Actor Alec Baldwin said in a legal filing on Friday that his "Rust" movie contract protects him from financial liability in the fatal shooting of the film's cinematographer.
Baldwin has been named as a defendant in several civil lawsuits including one from the husband of Halyna Hutchins, who was killed in October when a gun the actor was using during a rehearsal fired off a live bullet.
In addition to playing the lead role, Baldwin served as a producer of the film.
In an arbitration demand filed against fellow producers, Baldwin seeks to enforce a "broad indemnification clause" in his contract that his lawyers said shields him from financial claims regarding the production.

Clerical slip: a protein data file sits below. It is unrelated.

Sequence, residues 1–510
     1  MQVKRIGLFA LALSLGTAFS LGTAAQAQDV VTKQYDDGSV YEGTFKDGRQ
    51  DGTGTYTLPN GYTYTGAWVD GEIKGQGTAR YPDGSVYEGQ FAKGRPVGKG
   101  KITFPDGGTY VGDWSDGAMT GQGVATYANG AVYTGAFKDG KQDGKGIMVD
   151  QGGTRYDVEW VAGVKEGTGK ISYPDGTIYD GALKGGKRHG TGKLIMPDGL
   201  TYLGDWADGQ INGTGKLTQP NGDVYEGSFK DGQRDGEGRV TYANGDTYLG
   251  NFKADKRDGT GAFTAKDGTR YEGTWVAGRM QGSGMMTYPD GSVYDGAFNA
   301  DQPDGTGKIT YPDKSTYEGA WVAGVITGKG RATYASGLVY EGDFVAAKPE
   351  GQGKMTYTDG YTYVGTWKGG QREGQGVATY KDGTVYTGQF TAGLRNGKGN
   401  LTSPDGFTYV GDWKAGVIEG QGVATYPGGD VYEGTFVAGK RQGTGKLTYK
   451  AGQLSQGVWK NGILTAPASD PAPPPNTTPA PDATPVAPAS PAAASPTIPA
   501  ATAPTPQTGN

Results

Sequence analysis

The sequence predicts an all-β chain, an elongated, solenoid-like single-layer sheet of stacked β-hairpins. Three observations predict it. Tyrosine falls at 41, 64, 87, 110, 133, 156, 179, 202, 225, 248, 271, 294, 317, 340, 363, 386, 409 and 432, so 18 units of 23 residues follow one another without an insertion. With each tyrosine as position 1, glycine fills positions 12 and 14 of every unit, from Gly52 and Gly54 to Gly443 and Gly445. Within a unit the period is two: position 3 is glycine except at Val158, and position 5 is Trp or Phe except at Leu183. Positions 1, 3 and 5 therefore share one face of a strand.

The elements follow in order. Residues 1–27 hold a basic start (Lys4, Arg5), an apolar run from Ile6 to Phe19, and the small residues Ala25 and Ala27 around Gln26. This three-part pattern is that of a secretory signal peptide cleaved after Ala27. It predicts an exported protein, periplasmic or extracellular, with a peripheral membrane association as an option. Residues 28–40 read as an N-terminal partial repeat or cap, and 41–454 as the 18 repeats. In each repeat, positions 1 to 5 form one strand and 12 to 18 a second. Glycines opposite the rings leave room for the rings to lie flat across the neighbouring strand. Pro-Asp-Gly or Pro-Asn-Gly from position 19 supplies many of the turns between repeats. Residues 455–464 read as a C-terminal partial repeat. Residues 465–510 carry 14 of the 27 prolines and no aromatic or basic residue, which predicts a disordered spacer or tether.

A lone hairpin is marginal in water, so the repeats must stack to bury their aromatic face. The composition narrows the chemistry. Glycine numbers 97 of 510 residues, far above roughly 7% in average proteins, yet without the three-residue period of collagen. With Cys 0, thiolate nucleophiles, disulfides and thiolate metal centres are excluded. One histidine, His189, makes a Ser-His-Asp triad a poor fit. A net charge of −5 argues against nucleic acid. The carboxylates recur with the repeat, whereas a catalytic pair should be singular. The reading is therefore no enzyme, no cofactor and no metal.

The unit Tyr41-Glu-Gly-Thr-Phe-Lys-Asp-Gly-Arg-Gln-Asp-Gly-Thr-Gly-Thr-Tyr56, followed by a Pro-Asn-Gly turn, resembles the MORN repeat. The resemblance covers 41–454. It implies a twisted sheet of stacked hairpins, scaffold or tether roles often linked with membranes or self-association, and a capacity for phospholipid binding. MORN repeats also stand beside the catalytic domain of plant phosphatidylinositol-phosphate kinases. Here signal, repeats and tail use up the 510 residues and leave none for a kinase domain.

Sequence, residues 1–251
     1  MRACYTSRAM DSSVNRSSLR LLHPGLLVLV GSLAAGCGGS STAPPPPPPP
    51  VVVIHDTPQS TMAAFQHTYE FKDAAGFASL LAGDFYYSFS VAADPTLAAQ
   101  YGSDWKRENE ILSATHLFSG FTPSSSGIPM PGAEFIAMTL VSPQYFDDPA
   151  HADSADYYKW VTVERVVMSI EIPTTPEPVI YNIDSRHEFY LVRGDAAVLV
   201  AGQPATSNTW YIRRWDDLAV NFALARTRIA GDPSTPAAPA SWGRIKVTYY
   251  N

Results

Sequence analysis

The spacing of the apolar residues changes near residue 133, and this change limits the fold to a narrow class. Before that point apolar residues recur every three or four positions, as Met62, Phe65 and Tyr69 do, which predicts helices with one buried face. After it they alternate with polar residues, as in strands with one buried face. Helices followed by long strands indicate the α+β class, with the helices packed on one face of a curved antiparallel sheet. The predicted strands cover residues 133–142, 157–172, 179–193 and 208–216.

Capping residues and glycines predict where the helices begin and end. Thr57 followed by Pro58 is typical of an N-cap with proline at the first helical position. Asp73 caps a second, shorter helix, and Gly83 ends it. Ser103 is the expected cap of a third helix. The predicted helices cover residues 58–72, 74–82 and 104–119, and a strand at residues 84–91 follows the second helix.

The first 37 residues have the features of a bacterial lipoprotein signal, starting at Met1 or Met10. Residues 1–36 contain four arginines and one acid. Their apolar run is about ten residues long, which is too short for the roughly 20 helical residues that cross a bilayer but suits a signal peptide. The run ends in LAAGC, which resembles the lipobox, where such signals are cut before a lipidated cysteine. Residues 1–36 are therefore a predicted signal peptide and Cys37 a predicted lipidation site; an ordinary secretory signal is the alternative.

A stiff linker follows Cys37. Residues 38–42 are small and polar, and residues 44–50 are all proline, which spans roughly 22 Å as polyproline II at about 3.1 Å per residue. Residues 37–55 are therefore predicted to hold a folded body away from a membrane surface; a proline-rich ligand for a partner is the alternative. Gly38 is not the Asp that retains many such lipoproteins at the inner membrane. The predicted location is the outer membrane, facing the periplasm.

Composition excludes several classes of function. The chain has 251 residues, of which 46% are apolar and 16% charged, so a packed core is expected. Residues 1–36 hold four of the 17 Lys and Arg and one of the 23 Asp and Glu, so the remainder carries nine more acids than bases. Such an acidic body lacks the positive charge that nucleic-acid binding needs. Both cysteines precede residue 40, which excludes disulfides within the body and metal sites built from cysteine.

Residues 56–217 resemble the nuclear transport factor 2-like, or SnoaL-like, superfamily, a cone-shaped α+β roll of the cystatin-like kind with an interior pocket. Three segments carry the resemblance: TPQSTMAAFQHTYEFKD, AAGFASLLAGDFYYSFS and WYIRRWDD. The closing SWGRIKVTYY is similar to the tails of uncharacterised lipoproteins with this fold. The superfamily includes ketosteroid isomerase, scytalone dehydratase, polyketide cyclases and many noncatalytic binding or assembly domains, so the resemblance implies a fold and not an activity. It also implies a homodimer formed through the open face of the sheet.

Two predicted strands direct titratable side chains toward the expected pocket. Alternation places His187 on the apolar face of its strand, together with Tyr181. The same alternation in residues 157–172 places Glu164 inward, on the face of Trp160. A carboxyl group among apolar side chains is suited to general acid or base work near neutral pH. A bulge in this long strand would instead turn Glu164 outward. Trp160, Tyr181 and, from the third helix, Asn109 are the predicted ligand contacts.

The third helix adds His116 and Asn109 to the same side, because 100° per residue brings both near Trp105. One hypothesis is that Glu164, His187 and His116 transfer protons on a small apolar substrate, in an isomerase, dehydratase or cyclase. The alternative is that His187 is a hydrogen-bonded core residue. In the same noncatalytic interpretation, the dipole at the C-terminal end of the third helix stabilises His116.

Baldwin has said he was heartbroken by the incident but does not believe he bears any responsibility because he was told the Colt .45 revolver he was handed was "cold," an industry term meaning it is safe to use. He has said he pulled the gun's hammer back but did not pull the trigger.
"Rust," a Western, was being filmed at Bonanza Creek Ranch in New Mexico. Authorities in Santa Fe are investigating the incident and say they have not ruled out criminal charges. A key question is how live ammunition wound up on the set.
In the new filing, attorneys said he provided creative input in his producing role and did not hire any crew members, who were the people responsible for ensuring gun safety procedures were followed.
"This is a rare instance when the system broke down, and someone should be held legally culpable for the tragic consequences," the filing said. "That person is not Alec Baldwin."
Matthew Hutchins, the cinematographer's husband, argued in his lawsuit that Baldwin bore responsibility because he fired the gun and should have checked that it did not contain live rounds.